In contrast, literary techniques are the methods that authors use to convey their ideas. These are structures often phrases or words in literary texts, which writers use to accomplish their artistic ends as well as draw attention of the readers to appreciate their literary piece. Contrary to literary elements, literary techniques are very important feature of literary works. Common literary techniques include alliteration, simile, metaphor, allegory, hyperbole, etc.

Examples and Explanation of Literary devices

Alliteration:
It is the use of same consonant sounds in the beginning of the words coming together. For instance:

From forth the fatal loins of these two foes;
A pair of star-cross’d lovers take their life.
(Romeo Juliet by William Shakespeare)

Allegory:
In this literary technique, the writers give an abstract idea a form of actions, characters, or events. For instance:
“Animal Farm” by George Orwell, is perfect example of allegory that uses the actions of animals to represent corruption, bad governance and greed of Russian revolutionaries.

Irony:
In this literary technique, the writers employ words in such a manner that their intended meaning is totally opposite to the literal meaning. For instance: In Greek drama, Oedipus Rex by Sophocles, Oedipus kills his father, married mother unknowingly, and brought a curse on his city. On the contrary, Oedipus curses the man who is responsible for all this, meaning that he curses himself because he is the cause of bad plight in his city.

Personification:
It gives an idea, an animal or an object the human qualities. For instance:

When well-appareled April on the heel
of limping winter treads.
(Romeo and Juliet by William Shakespeare)

In the above lines April and winter are personified, although April cannot wear dress and winter cannot limp, however, Shakespeare has given them human qualities.

Hyperbole:
It is an intentional exaggeration of ideas and actions for emphasis. For instance from The Adventures of Pinocchio by C. Colloid:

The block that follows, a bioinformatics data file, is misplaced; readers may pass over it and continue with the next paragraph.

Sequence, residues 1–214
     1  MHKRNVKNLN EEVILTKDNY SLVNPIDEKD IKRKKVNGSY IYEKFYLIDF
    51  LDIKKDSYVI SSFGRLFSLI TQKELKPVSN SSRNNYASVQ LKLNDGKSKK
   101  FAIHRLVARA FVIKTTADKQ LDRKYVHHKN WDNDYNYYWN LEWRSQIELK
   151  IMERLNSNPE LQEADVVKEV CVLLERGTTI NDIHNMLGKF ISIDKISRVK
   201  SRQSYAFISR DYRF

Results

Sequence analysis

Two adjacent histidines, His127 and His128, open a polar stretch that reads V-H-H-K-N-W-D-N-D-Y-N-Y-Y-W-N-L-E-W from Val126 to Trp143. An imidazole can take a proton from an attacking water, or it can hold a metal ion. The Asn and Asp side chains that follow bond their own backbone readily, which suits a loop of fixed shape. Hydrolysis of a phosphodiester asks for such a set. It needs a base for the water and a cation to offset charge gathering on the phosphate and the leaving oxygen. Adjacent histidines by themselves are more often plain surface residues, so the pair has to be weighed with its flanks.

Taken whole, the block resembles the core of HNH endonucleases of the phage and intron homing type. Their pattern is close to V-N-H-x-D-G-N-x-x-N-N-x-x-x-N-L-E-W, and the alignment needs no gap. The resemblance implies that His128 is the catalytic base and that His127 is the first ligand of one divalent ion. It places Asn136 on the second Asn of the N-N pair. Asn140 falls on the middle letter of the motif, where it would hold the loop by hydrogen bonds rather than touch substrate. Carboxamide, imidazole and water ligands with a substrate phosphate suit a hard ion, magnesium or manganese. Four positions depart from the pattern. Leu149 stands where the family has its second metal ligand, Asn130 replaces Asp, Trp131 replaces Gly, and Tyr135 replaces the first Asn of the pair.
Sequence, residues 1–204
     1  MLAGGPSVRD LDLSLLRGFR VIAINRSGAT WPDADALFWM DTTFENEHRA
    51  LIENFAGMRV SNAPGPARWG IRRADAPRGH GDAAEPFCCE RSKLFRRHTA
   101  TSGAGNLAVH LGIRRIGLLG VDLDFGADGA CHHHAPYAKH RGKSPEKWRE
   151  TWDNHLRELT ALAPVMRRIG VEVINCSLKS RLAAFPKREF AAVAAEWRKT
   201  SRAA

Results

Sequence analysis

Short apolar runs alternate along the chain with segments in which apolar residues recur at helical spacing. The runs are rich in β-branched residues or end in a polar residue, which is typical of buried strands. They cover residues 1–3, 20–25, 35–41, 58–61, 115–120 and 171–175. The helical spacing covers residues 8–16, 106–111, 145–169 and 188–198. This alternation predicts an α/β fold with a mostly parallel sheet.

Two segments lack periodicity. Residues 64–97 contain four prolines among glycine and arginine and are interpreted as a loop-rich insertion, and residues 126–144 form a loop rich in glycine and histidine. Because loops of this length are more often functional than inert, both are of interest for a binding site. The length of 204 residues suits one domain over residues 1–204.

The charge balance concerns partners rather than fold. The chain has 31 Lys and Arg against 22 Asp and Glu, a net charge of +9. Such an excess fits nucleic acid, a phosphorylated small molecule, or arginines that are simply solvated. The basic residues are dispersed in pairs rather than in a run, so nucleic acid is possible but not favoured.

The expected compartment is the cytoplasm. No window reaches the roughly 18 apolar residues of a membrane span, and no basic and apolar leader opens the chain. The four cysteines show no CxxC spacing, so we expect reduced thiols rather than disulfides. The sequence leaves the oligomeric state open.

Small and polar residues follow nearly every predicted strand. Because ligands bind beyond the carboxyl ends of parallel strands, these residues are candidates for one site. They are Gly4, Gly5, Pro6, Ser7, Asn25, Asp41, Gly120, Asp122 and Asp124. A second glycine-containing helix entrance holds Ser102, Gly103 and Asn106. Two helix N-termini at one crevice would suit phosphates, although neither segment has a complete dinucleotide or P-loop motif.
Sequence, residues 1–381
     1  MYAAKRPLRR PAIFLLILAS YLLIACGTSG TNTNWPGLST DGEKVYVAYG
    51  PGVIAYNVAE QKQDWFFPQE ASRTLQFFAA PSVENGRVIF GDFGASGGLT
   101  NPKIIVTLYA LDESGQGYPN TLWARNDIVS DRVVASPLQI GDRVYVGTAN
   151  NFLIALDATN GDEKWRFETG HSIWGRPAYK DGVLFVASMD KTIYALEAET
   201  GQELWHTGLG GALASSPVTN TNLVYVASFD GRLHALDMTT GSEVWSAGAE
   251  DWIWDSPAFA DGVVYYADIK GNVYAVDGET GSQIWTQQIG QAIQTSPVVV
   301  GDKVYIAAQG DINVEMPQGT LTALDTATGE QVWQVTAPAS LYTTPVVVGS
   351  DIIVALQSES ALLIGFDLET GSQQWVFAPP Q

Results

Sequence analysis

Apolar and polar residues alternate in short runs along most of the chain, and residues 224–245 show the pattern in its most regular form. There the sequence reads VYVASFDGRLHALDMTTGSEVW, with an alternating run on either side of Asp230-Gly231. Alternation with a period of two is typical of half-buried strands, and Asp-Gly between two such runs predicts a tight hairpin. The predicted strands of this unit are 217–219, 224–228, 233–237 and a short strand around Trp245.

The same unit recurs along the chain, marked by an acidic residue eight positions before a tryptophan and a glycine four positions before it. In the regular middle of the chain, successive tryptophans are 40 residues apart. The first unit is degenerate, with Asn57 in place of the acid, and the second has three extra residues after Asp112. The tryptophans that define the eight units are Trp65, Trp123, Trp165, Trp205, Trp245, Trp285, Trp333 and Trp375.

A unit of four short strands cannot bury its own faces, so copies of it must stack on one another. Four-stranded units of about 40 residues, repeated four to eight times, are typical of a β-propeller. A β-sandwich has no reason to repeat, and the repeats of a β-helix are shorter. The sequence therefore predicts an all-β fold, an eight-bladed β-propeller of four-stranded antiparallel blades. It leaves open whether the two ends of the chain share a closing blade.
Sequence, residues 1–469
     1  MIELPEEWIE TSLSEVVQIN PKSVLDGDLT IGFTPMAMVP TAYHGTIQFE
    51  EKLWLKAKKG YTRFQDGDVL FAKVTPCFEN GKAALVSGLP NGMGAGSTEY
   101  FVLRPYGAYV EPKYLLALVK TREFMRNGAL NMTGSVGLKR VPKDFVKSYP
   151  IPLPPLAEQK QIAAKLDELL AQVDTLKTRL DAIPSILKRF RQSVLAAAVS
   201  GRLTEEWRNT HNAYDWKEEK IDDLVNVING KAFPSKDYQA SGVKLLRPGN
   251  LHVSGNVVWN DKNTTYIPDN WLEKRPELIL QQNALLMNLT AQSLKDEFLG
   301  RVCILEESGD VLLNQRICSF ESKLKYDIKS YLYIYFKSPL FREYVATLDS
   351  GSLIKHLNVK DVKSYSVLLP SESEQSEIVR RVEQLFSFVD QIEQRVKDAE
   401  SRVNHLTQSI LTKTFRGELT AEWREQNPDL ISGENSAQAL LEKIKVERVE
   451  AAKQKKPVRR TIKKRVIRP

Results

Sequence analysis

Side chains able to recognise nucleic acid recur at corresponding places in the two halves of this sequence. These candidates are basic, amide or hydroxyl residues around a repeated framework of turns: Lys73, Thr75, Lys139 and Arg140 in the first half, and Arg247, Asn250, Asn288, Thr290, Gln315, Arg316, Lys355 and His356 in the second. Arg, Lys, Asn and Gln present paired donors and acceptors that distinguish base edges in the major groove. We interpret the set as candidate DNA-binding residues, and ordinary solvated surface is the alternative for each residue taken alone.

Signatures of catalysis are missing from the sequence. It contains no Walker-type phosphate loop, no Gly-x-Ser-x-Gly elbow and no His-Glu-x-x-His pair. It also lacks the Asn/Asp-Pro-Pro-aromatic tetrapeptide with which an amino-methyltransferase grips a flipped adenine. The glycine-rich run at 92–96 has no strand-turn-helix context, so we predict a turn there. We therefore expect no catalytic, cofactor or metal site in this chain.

“He cried all night, and dawn found him still there, though his tears had dried and only hard, dry sobs shook his wooden frame. But these were so loud that they could be heard by the faraway hills…”

Pinocchio cries all the night until the break of dawn and his tears go dry, crying for whole night and drying up of tears is an instance of hyperbole.

Imagery:
A figurative language creates visual images of ideas, actions and objects in the minds of readers so that they could appeal to their physical senses. For instance:

“Or sinking as the light wind lives or dies;
And full-grown lambs loud bleat from hilly bourn;
(Ode to the Autumn by John Keats)

In the following lines, we can hear the lamb is bleating and it appeals to our hearing sense.

Simile & Metaphor:
Both of these are types of comparisons between two distinct and unlike objects and the purpose is to describe resemblance between dissimilar things. However, the difference between them is that simile makes use of “like” or “as” and metaphor, on the other hand, does not. For example:

“O my Luve’s like a red, red rose
That’s newly sprung in June; (Simile)
(Red, red Rose by Robert Burns)
“She is all states, and all princes, I.” (Metaphor)
(The Sun Rising by John Donne)

In the above excerpts, we can see simile uses “like” to compare love with red rose, whereas, metaphor is a direct comparison, without using as or like and the poet is calling his beloved as all states and himself as all princes of those states.